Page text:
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The View From the Balcony

December 16, 2011

Stephen Kelman, Pigeon English, London: Bloomsbury, 2011

Reviewed by A.G. Craig

In this extraordinary novel Stephen Kelman writes in the voice of a young migrant boy. Harrison Opoku is a Year 7 student from Ghana observing his new world in London and experimenting with the language of his peers. Beautiful things are “dope-fine,” angry young men and the pit bulls that tear up the swings in the local park are “hutious,” and the weather is “proper cold.”

In England there’s a hell of different words for everything. It’s for if you forget one, there’s always another one left over. It’s very helpful. Gay and dumb and lame mean all the same.

Eleven year old Harri lives in a crowded housing estate with his mother and thirteen year old sister Lydia. His father and baby sister Agnes are still in Ghana. Whenever they can the divided family talk and laugh on the telephone until the phone card runs out. Harri is the man of the house, responsible for locking the doors and guarding against any invaders. Harri is the second fastest runner in Year 7, with the desire to become the fastest. And not just to impress Poppy Morgan, the girl with yellow hair that smells like honey. Harri loves Poppy and he loves sweets. But he never eats jelly babies. They are cruel and remind his Mamma of the dead babies at her work in the hospital.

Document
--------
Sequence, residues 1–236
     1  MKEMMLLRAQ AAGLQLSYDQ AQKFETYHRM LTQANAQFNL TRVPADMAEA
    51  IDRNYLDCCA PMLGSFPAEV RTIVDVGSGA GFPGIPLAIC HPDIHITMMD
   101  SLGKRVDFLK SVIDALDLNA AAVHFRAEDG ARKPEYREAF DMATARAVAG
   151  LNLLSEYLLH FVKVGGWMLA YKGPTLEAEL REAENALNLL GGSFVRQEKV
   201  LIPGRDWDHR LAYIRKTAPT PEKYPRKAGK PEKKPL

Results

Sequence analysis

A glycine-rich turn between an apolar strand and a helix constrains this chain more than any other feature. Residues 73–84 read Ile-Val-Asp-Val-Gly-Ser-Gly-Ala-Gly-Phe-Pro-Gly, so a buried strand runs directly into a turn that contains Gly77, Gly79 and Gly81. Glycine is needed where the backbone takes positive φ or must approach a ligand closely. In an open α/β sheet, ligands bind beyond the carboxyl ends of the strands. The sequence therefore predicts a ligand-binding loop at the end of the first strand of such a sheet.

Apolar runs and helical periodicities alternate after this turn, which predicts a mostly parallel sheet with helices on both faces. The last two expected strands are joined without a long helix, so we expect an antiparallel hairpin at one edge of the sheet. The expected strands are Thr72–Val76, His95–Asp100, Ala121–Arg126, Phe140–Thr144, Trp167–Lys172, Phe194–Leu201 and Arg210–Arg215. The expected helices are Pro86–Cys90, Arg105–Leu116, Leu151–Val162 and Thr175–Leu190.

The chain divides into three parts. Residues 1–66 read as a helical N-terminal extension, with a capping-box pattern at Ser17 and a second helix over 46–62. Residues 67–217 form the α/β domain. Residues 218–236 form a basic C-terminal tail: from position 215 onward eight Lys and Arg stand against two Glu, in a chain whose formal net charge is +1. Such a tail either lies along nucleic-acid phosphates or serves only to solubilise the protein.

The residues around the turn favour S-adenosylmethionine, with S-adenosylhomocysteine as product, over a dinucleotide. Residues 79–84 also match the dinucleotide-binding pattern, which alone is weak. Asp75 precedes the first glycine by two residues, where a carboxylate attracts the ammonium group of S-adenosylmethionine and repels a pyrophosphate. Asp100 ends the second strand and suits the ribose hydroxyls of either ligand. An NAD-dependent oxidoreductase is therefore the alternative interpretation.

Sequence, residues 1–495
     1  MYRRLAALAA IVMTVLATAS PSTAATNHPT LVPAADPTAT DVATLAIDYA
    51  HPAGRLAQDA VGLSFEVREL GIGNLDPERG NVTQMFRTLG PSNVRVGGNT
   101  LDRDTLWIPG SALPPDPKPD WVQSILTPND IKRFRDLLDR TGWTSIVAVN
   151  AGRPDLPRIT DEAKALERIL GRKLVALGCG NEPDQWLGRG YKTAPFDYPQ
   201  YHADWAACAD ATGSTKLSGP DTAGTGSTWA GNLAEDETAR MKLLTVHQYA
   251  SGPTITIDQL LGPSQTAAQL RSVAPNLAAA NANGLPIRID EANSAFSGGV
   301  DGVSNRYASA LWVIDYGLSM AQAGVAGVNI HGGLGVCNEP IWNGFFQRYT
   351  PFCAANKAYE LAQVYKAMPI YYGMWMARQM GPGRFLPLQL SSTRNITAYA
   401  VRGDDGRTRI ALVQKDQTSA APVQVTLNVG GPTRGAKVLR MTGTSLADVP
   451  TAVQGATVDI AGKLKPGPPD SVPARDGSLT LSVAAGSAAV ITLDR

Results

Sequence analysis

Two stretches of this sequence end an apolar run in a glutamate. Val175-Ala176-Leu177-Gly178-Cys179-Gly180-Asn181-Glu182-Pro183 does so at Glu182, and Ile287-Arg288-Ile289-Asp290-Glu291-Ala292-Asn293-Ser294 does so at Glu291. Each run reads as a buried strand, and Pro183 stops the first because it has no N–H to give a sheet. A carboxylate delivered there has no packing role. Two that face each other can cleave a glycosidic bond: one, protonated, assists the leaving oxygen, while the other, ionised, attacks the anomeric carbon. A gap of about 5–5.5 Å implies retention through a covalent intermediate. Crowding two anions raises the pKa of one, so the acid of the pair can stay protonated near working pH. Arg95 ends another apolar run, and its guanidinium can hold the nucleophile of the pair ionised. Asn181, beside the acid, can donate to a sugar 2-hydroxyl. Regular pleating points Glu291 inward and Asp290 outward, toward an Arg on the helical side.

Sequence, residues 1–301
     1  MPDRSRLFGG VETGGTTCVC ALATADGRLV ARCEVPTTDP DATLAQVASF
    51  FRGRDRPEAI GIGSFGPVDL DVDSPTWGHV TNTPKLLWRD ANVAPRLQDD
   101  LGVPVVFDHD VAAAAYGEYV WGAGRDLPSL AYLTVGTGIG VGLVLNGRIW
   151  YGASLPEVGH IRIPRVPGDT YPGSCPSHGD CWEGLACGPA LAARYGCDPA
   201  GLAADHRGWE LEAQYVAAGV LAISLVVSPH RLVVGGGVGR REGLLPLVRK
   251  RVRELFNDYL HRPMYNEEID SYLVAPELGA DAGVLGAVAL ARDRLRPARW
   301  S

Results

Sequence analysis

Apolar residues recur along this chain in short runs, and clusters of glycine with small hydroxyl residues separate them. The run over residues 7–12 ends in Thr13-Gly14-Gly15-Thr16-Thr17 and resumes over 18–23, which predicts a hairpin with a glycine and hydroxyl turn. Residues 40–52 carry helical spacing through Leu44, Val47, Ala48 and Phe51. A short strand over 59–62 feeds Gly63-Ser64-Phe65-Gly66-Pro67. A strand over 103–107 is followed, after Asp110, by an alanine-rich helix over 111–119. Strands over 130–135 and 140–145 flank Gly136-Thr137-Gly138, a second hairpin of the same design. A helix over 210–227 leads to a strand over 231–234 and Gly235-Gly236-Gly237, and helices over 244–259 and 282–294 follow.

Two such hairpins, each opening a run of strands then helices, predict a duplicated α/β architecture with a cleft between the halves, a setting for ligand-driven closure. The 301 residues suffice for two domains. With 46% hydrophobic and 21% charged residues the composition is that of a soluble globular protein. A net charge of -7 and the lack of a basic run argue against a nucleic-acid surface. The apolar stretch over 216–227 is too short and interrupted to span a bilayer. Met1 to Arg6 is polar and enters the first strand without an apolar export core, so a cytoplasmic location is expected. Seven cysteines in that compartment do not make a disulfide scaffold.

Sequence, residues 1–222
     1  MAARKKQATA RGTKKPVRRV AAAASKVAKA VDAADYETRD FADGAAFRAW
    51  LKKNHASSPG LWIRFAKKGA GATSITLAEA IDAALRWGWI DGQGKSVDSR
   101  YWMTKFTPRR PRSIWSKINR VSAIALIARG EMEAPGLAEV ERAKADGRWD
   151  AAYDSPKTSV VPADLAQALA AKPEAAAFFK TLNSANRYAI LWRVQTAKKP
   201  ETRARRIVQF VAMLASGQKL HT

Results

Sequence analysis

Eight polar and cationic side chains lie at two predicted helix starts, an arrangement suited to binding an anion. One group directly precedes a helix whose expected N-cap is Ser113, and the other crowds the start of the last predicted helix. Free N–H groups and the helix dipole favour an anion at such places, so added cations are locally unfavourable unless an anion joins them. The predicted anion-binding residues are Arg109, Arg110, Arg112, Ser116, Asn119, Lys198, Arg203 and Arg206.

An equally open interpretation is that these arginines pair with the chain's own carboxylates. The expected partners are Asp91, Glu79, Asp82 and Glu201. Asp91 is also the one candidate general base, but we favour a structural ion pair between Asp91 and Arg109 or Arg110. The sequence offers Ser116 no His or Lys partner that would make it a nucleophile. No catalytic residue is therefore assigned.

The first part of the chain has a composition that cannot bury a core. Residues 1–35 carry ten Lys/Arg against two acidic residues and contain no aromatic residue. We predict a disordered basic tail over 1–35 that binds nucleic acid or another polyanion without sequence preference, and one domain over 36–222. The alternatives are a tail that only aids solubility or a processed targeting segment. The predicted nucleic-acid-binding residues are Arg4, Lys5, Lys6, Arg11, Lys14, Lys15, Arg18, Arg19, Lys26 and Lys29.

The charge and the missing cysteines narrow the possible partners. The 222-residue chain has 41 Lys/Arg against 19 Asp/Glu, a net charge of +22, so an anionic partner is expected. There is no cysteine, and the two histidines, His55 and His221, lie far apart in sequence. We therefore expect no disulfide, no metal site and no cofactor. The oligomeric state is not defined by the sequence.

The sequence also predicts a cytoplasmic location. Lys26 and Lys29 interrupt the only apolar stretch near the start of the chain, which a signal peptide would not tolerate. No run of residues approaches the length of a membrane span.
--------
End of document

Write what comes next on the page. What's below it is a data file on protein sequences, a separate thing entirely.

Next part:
Harri and the two women in his home life miss Papa and Agnes – especially when Agnes is sick with a fever – and they plan for the day when the family can be reunited. But this may be some time yet. Money is tight and loan sharks require monthly payments for the first set of visas and airplane tickets. At least Mamma hasn’t had to burn off her own finger prints like Auntie Sonia, and she doesn’t live with a violent standover man who menaces people with a baseball bat called the Persuader. Mamma knows men like Auntie Sonia’s Julius, and she fears for Sonia’s safety and teaches Harri to be responsible. “Mamma…says a man who smells of beer is a mess waiting to happen.”

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Healing and Personal Meaning

December 16, 2011

Danny Fahey, The Tree Singer, Perth: Dragonfall Press, 2011

 Reviewed by Neralie Hoadley

The Tree Singer by Danny Fahey, is a publication that resists easy categorisation. For this reader it was an exploratory venture in terms both of the type of story and its electronic delivery (my first eBook). In both cases the experiment was rewarded.